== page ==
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Structural and Biochemical Studies of Streptococcus sp. alpha-Glycerophosphate Oxidase

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The ability for bacteria to grow on glycerol has been linked to the genes responsible for encoding the glycerol facilitator (GlpF), glycerol kinase (GlpK), and either alpha-glycerophosphate oxidase (GlpO) or dehydrogenase (GlpD). GlpF aids in bringing glycerol into the cell, while GlpK phosphorylates it, trapping it within the cell as alpha-glycerophosphate (Glp). Glp is converted to dihydroxyacetone phosphate (DHAP) by GlpO in certain bacteria and by GlpD in others. Heme deficient lactic acid bacteria, such as Streptococcus sp. and Enterococcus casseliflavus, contain GlpO, whereas bacteria such as Bacillus subtilis and Escherichia coli contain GlpD. Both GlpO and GlpD utilize flavin adenine dinucleotide (FAD) as a cofactor, which is concomitantly reduced upon substrate oxidation. Though sequentially similar, GlpOs and GlpDs are functionally different based on the reoxidation of the cofactor; GlpO reacts with O2 to form H2O2, while GlpD transfers the reducing equivalents to ubiquinone. GlpO and GlpD also differ in that GlpDs are considered membrane associated, while most GlpOs are considered cytosolic. The GlpOs from heme deficient lactic acid bacteria also contain a ca. 50-residue insert that is not present in GlpDs. Limited proteolysis experiments with the Streptococcus sp. GlpO enzyme have suggested that this insert region may be a flexible surface loop region. A 2.4 Å resolution x-ray crystal structure of the streptococcal GlpO enzyme has been determined, along with a 2.3 Å resolution x-ray crystal structure of a deletion mutant (GlpODelta) lacking the 50-residue insert region but retaining catalytic activity. A comparison of these two structures shows conformational changes involving an active-site histidine (H65) and the isoalloxazine ring of FAD. This has been interpreted as being representative of two forms of the resting oxidized enzyme, seen biochemically with the enterococcal GlpO enzyme. Comparisons of GlpODelta with two structural homologs, D-amino acid oxidase (DAAO) and glycine oxidase (ThiO), showed the presence of a structurally conserved arginine residue, R346 in GlpODelta. Further analysis of the active site of GlpODelta resulted in the finding of other residues that are conserved among the GlpOs and GlpDs and are also within proposed Glp-binding regions, namely H65, R69, Y70, and K429; however, these residues are not present in DAAO or ThiO. This has led to the hypothesis that these residues form a phosphate binding pocket. An active-site base is required for the abstraction of a proton from the C(2)-OH of Glp and drives the hydride transfer of C(2)-H to FAD N(5). Histidines are common residues that play this role in oxidoreductases. A hypothesis was developed that H65 may play that role. Mutagenic analyses show that R346 and K429 are essential for GlpO activity. Both residues when mutated yielded an inactive enzyme based on the horseradish peroxidase (HRP) assay and enzyme-monitored turnover (EMT) experiments. Sulfite titration data for both mutants revealed that they both stabilized an FAD N(5)-sulfite adduct, though at a higher Kd when compared to wild-type GlpODelta. Analyzing the relationship of Kd values for sulfite and redox potential, the increase in sulfite Kd seems to rule out the mutations affecting the redox potentials of the FAD cofactor for either of these mutants. Based on the HRP assay data, H65A is ~2% as active as wild type GlpODelta, whereas the H65Q mutant is ~63% as active. This result contradicts the hypothesis that H65 is an active site base. This result, however, does support the idea that this residue is important for activity but for substrate binding, possibly interacting with the Glp-phosphate moiety. The activity for the R69M is ~13% that of wild type, implicating it as an important residue in catalysis, also possibly interacting with the Glp-phosphate upon substrate binding. The Y70F mutant yields an activity of ~77% of wild type, indicating that it may be important for enzyme catalysis but not essential. The structural and biochemical experiments described in this dissertation have led to the formulation of a reaction scheme for binding and catalysis of GlpO.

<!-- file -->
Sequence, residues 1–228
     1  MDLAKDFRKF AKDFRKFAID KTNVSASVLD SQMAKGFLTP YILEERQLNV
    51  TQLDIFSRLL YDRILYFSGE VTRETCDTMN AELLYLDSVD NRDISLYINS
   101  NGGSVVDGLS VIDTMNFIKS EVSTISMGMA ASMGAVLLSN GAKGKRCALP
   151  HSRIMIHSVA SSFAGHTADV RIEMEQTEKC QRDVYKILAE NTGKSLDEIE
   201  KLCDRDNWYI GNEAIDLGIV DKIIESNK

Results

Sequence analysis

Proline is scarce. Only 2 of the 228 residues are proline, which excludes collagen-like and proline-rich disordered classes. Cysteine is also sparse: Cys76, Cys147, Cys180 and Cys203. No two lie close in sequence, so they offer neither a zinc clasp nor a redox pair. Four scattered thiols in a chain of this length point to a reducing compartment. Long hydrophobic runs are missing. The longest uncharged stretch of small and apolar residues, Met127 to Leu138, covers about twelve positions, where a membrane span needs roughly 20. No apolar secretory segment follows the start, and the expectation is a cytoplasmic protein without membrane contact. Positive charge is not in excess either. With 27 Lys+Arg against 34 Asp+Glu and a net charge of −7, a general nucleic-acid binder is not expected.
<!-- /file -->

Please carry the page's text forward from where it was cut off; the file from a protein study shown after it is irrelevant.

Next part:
Structural Biology
Colussi, Timothy (author)
King, S. Bruce (committee chair)
Claiborne, Al (committee member)
Hollis, Thomas (committee member)
Parsonage, Derek (committee member)
Lowther, W. Todd (committee member)
2009-11-24T13:00:50Z (accessioned)
2010-06-18T18:57:04Z (accessioned)
2009-11-24T13:00:50Z (available)
2010-06-18T18:57:04Z (available)
2009-11-24T13:00:50Z (issued)
Biochemistry & Molecular Biology (discipline)
http://hdl.handle.net/10339/14664 (uri)
en_US (iso)
Wake Forest University
Release the entire work immediately for access worldwide. (accessRights)
Structural and Biochemical Studies of Streptococcus sp. alpha-Glycerophosphate Oxidase

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